The Fifth Sunday of Easter [A]
Acts 6:1-7 + 1 Pt 2:4-9 + Jn 14:1-12
May 14, 2017
“…whoever believes in me will do the works I do….”
“I am the way, and the truth, and the life.” When Jesus speaks these words at the Last Supper, two disciples speak out. Maybe you can relate to each of them in turn.
The first is the Apostle Thomas, often called “Doubting Thomas”. This not-too-positive name is usually connected to Thomas doubting his fellow apostles when they tell him that they’ve seen the Risen Lord (John 20:24-25).
But today, we hear Thomas express doubt, not about his fellow apostles, but about his Lord. He does this in two ways. First, he doubts Jesus when he complains that “we do not know where you are going”. He’s expressing doubt about Jesus as a leader.
Second, he expresses doubt about the means by which to reach the goal. “How can we know the way?” You have to admit that this objection bears a certain logic: if you do not know where you’re headed, how can you know how to get there? If you’ve read Alice’s Adventures in Wonderland, you remember the nonsensical exchange between Alice and the Cheshire Cat. Alice asks the Cat, “Would you tell me, please, which way I ought to go from here?” “That depends a good deal on where you want to get to,” said the Cat. “I don’t much care where—” said Alice. “Then it doesn’t matter which way you go,” said the Cat. [Alice added as an explanation:] “—so long as I get somewhere”. “Oh, you’re sure to do that,” said the Cat, “if you only walk long enough.”
Many people in our culture feel like a hamster on a wheel. Earthly goals after many decades don’t seem to produce the accomplishment they had hoped for, and the goal of Heaven on earth never seems to materialize. So, the doubter asks, what is the connection between earth and Heaven? As far as reaching the goal of Heaven, is our time on earth just simple waiting, hoping we don’t commit the mortal sin that will close the doors of Heaven against us? This is a very negative view of the spiritual life: that following Jesus is defined by what we don’t do.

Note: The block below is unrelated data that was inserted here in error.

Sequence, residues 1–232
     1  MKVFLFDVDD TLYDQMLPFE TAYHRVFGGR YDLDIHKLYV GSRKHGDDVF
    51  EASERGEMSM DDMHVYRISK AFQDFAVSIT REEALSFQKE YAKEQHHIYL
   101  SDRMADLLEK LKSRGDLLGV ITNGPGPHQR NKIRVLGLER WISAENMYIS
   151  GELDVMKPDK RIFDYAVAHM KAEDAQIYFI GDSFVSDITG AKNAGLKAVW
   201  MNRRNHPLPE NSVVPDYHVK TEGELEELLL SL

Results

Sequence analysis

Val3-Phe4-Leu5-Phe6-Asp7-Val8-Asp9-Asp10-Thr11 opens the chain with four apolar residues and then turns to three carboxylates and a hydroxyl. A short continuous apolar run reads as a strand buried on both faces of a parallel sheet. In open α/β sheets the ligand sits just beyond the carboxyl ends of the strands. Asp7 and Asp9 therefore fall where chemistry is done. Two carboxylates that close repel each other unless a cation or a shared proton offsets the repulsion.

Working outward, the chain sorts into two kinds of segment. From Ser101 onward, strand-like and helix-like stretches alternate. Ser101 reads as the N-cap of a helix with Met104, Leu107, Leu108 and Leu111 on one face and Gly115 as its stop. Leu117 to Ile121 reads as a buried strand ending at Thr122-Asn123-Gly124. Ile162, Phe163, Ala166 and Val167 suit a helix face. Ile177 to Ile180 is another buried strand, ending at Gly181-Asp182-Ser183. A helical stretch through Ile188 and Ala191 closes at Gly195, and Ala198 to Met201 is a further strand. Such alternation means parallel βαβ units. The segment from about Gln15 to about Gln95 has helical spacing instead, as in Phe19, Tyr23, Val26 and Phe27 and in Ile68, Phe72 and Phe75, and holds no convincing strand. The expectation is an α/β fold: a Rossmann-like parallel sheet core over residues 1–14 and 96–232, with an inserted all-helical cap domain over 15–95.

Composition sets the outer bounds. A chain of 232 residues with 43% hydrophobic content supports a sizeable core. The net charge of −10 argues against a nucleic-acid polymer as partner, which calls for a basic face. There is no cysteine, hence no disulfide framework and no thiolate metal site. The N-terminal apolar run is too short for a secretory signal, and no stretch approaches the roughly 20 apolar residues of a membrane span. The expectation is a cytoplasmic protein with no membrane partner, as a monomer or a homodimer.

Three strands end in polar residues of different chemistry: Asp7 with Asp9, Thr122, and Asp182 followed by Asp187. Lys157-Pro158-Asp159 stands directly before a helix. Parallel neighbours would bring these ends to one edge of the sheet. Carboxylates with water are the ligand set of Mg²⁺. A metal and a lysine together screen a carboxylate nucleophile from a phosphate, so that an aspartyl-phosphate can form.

We need to put ourselves in the shoes of the apostle Philip. Philip makes a simple request: “Master, show us the Father, and that will be enough for us.” But if Philip thought that he was being humble in asking this, Jesus has other ideas. “Have I been with you for so long… and you still do not know me, Philip? … How can you say, ‘Show us the Father’? Do you not believe that I am in the Father and the Father is in me?” You can almost imagine Philip wide-eyed at Jesus’ response, thinking that he’d asked for very little.
Jesus expands on what He means by explaining that His own words and works are not, in fact, done on His own. The Father and the Son are one. They are one to such perfection that their words and works are one. This is a profound point, but it’s not Jesus’ final point—or even His strongest point—in today’s Gospel passage.
“Amen, amen, I say to you, whoever believes in me will do the works I do, and will do greater ones than these, because I am going to the Father.” The Easter Season is not just about Jesus rising from the dead. The Easter Season is also about Jesus rising to the Right Hand of the Father. The sacred event of Jesus’ Ascension is what makes it possible for those ‘greater works’ to be worked by Jesus’ followers. Whether it’s the work of one’s vocation to marriage or religious life, or whether it’s dedication in old age to an intense life of prayer and the acceptance of suffering, each and every Christian finds strength for the journey in the person of Jesus Christ. Jesus is the only Way that leads to the embrace of God the Father.